Study Signals New Hope for Universal Health Care and Child Survival
Around the globe, more than five million children die each year from preventable diseases. In 2015 world leaders committed to end the child mortality crisis, and achieve universal health care, by 2030.
These commitments have fueled a global debate: Can we deliver health care to everyone? This week, new evidence to answer this question arrived from the West African country of Mali. A new study published March 12 documents how an area of Mali, previously with one of the world’s highest rates of child mortality, achieved and sustained the lowest rates of child death measured in sub-Saharan Africa.
When the study began, 1 in 7 children died before they could celebrate their fifth birthday. Seven years later, child deaths had become rare—only 1 in 142. These communities in Mali were down to 7 deaths per 1,000 live births, a rate comparable to the United States. This drop represents how the Sustainable Development Goals could be achievable, even as many wealthy countries struggle to make progress on the commitments they made at the UN in 2015.
Over the course of the study, published in in BMJ Global Health, the Malian government worked with the global health organization Muso to roll out a proactive approach to health care delivery, with a goal of reaching every patient in the first hours of their illness onset. To reach patients quickly, Community Health Workers searched for patients door-to-door, cared for patients in their homes without fees, and brought patients to strengthened government health clinics. After this new approach to health care launched, the number of patient visits increased ten-fold. The rate of fever among children dropped by 55%. And child death became a rare event in the communities served.
Dr. Henry Perry, Senior Scientist at Johns Hopkins University, who has been engaged for many years in community-based approaches to improving child health, said, “This is a pioneering and path-breaking study because it provides long-term (7 years) evidence that very low under-5 mortality rates can be achieved in resource-constrained settings through (1) proactive and frequent home visitation to identify children with signs and symptoms of serious illness who need treatment and (2) making that treatment readily available. This is the beginning of a new phase of programming and operations research in the movement to end preventable child and maternal deaths – a goal which the global health community and governments have adopted to be achieved by the year 2030. These findings are sufficiently important to justify funding for similar efforts by independent groups in similar settings. The findings are particularly important because they provide long-term evidence of effectiveness. Very few studies of the mortality impact of health interventions so far have evidence beyond 3 years of programming.”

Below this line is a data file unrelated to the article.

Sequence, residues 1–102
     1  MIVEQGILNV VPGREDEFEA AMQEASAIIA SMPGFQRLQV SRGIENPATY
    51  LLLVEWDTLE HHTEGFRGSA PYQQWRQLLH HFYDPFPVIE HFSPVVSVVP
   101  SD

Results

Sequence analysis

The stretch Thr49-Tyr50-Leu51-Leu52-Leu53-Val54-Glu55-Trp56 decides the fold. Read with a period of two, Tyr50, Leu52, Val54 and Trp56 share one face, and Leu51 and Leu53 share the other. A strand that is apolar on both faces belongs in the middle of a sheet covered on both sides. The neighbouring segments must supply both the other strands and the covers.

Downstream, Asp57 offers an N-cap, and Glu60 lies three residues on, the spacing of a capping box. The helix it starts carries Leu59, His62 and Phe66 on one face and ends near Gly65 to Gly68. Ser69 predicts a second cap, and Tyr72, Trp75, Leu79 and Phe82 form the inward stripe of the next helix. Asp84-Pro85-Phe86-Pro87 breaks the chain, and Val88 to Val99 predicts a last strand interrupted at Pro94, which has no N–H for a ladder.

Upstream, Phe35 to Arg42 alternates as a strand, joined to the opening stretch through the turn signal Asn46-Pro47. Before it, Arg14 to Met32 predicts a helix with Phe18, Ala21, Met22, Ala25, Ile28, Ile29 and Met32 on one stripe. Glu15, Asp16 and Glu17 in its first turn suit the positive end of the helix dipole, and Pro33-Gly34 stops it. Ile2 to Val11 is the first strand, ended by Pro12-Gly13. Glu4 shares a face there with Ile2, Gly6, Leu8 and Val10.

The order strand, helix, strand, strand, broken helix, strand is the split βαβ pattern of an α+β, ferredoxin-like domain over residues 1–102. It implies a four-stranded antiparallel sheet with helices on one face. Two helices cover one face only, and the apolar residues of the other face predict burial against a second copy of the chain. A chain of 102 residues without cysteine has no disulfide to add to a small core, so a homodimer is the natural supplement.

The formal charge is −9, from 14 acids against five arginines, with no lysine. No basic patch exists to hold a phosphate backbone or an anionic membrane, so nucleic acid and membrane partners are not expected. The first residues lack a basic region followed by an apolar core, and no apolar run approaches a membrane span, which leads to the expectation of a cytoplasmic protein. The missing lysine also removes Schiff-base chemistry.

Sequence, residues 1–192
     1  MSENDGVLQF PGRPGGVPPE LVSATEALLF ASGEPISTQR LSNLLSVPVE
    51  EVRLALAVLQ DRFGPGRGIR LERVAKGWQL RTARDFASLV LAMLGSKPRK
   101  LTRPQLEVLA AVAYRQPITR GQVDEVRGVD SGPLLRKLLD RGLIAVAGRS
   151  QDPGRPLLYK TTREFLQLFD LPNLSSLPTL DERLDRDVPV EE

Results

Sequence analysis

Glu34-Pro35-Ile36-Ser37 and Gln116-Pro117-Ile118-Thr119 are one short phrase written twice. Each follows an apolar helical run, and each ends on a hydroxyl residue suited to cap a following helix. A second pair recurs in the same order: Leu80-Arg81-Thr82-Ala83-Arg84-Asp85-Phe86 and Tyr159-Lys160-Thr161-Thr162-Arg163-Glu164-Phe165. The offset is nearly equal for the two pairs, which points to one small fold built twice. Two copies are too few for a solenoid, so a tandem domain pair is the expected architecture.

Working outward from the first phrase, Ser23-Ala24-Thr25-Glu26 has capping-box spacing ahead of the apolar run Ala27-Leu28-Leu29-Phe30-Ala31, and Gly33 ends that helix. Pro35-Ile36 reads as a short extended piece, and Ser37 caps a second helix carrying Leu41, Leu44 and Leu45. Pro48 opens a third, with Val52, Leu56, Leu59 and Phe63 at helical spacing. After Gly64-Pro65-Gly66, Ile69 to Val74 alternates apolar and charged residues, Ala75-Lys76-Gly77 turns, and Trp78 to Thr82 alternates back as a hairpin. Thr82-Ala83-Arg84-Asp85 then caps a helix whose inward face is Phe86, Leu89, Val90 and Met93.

Dr. Ari Johnson, Assistant Professor at the University of California San Francisco and lead author on the study, said “These results moved the goalposts for global health. We already knew that child survival and universal health care are morally imperative. Now we know they are imminently achievable. These are the battles we can and must win. We have the tools we need, today, to make the death of a child rare in every community.”
Muso’s strategy is remarkable affordable. The approach to universal health coverage, known as Proactive Community Case Management (ProCCM), costs $6-$13 per person per year in addition to pre-existing government spending during the study—affordable for governments and international partners to scale up.
The study has several important limitations. Without a control arm, the study cannot prove that the dramatic decline in child mortality was caused by the proactive care intervention. The study focused on a set of vulnerable peri-urban communities on the outskirts of Africa’s fastest growing city, Bamako, Mali—a particularly important and challenging setting for universal health care as the region rapidly urbanizes. These communities currently number approximately 185,000 people. Based in one area of one country, questions remain on how these results could be applied to an array of other contexts.
To better understand the impact of the ProCCM approach on child mortality and access to health care, a team of researchers across seven academic institutions has together launched a large randomized controlled study, the ProCCM Trial, which will follow 100,000 patients from 2017 to 2020.
As further research on proactive health care continues, these findings offer important indications that an end to the child mortality crisis is well within reach.